1. Department of Respiratory and Clinical Care Medicine, Shanghai Jiao Tong University Affiliated Sixth People's Hospital, Shanghai, 200233, China.
2. Department of Bioinformatics, School of Biological and Basic Medical Sciences, Soochow University, Suzhou, 215123, China.
3. Stem Cell Center, Shanghai Jiao Tong University Affiliated Sixth People's Hospital, Shanghai, 200233, China.
4. Neuro-Oncology Branch, Center for Cancer Research, National Cancer Institute, National Institutes of Health, Bethesda, MD 20892, USA.
5. Surgical Neurology Branch, National Institute of Neurological Disorders and Stroke, National Institutes of Health, Bethesda, MD 20892, USA.
6. Shanghai Key Laboratory of Sleep Disordered Breathing, Shanghai Jiao Tong University Affiliated Sixth People's Hospital, Shanghai, 200233, China.
Novel drugs are required for non-small cell lung cancer (NSCLC) treatment urgently. Repurposing old drugs as new treatments is a practicable approach with time and cost savings. Some studies have shown that carrimycin, a Chinese Food and Drug Administration (CFDA)-approved macrolide antibiotic, possesses potent anti-tumor effects against oral squamous cell carcinoma. However, its detailed component and underlying mechanisms in anti-NSCLC remain unknown. In our study, isovalerylspiramycin I (ISP-I) was isolated from carrimycin and demonstrated a remarkable anti-NSCLC efficacy in vitro and in vivo with a favorable safety profile. It has been proven that in NSCLC cell lines H460 and A549, ISP-I could induce G2/M arrest and apoptosis, which was mainly attributed to ROS accumulation and subsequently PI3K/AKT signaling pathway inhibition. Numerous downstream genes including mTOR and FOXOs were also changed correspondingly. An observation of NAC-induced reverse effect on ISP-I-leading cell death and PI3K/AKT pathway inhibition, emphasized the necessity of ROS signaling in this event. Moreover, we identified ROS accumulation and PI3K/AKT pathway inhibition in tumor xenograft models in vivo as well. Taken together, our study firstly reveals that ISP-I is a novel ROS inducer and may act as a promising candidate with multi-target and low biological toxicity for anti-NSCLC treatment.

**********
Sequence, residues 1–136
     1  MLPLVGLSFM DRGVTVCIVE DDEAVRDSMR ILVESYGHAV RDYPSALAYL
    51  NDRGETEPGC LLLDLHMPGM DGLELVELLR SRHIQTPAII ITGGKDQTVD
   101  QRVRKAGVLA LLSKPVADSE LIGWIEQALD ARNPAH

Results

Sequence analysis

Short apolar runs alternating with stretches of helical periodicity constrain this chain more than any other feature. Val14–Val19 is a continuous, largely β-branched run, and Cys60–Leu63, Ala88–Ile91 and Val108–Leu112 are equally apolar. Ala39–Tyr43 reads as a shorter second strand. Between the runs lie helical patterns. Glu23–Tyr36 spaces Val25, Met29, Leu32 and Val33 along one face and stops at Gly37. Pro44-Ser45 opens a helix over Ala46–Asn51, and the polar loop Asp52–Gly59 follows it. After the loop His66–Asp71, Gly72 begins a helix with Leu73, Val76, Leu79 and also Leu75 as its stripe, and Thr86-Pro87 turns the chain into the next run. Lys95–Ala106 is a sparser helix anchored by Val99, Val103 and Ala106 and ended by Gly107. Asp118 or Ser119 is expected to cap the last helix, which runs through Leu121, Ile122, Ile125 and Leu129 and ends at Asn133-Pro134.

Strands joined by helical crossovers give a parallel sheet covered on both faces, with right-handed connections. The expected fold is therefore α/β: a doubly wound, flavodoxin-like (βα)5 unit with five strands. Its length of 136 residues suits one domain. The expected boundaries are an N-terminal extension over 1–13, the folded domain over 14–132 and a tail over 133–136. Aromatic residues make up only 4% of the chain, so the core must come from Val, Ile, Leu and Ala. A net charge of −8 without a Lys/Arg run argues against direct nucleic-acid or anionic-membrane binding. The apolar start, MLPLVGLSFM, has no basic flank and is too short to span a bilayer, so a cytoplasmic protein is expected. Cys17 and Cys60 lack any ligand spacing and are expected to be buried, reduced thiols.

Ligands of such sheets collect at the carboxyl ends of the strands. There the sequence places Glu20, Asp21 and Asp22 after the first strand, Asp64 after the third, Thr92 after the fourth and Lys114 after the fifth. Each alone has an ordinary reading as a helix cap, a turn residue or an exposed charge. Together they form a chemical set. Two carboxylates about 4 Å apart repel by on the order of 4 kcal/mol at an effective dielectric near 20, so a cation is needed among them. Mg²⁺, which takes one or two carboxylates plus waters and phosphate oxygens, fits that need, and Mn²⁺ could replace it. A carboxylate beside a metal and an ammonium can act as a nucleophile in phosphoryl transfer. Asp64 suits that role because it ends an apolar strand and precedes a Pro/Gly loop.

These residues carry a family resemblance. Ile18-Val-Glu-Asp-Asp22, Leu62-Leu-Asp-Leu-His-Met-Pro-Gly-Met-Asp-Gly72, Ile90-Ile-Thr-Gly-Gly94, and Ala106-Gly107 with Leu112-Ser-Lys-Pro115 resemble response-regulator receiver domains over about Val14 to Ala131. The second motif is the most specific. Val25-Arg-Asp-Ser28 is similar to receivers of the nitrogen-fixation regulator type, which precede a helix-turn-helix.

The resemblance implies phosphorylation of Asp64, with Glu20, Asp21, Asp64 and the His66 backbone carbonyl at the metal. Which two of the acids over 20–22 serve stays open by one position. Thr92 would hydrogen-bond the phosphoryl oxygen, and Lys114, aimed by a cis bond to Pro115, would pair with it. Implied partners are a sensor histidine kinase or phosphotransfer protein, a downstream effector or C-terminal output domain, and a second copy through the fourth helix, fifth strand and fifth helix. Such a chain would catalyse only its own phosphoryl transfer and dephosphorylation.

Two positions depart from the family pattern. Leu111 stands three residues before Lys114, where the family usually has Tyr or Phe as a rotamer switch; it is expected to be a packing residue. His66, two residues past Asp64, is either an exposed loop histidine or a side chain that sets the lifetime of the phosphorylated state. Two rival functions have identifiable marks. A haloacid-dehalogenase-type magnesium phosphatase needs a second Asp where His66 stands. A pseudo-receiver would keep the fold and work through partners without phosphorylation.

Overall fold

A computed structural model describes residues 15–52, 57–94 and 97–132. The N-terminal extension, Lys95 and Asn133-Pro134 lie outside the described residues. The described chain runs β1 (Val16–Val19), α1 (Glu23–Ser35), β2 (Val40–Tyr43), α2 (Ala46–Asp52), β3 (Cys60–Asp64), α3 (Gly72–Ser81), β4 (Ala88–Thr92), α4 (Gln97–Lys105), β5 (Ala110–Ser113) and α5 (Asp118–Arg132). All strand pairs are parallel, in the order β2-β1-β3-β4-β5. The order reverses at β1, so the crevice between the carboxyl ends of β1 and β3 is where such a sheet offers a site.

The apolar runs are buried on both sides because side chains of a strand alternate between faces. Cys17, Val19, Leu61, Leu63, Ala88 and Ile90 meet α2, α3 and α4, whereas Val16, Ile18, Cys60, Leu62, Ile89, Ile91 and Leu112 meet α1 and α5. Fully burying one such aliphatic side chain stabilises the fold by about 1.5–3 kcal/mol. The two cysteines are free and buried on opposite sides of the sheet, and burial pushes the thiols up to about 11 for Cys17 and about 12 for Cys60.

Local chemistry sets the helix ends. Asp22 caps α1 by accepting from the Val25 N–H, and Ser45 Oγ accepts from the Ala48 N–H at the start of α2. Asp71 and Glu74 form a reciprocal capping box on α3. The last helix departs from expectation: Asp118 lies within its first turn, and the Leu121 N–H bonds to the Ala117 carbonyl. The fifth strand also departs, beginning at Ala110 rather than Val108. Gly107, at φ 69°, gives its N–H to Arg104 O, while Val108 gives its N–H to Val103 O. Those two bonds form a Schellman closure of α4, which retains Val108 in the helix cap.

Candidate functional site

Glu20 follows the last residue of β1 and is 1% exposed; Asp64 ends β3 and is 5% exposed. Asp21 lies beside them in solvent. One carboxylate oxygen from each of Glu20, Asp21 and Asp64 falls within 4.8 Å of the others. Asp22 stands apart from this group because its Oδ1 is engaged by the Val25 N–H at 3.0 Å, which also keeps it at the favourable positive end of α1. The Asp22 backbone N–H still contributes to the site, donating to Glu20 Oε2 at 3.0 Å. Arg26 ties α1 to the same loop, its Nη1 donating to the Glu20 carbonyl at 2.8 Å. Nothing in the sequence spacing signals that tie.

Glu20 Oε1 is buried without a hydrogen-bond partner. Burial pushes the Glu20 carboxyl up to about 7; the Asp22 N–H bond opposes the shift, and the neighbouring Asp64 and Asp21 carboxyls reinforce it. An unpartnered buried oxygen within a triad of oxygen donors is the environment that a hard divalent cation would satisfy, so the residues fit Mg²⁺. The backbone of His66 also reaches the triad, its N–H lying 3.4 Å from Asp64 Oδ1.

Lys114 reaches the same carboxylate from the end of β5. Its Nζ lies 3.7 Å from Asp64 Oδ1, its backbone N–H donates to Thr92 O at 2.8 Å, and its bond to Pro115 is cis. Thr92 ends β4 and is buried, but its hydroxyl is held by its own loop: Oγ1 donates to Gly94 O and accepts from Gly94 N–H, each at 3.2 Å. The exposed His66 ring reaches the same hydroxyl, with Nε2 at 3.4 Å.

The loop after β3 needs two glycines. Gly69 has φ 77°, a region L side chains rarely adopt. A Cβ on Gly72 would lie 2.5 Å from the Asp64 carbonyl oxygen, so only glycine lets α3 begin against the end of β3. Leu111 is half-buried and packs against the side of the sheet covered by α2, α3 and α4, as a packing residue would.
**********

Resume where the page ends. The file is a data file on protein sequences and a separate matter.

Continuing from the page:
Keywords: Isovalerylspiramycin I (ISP-I), Non-small cell lung cancer (NSCLC), apoptosis, G2/M arrest, ROS, PI3K/AKT signaling pathway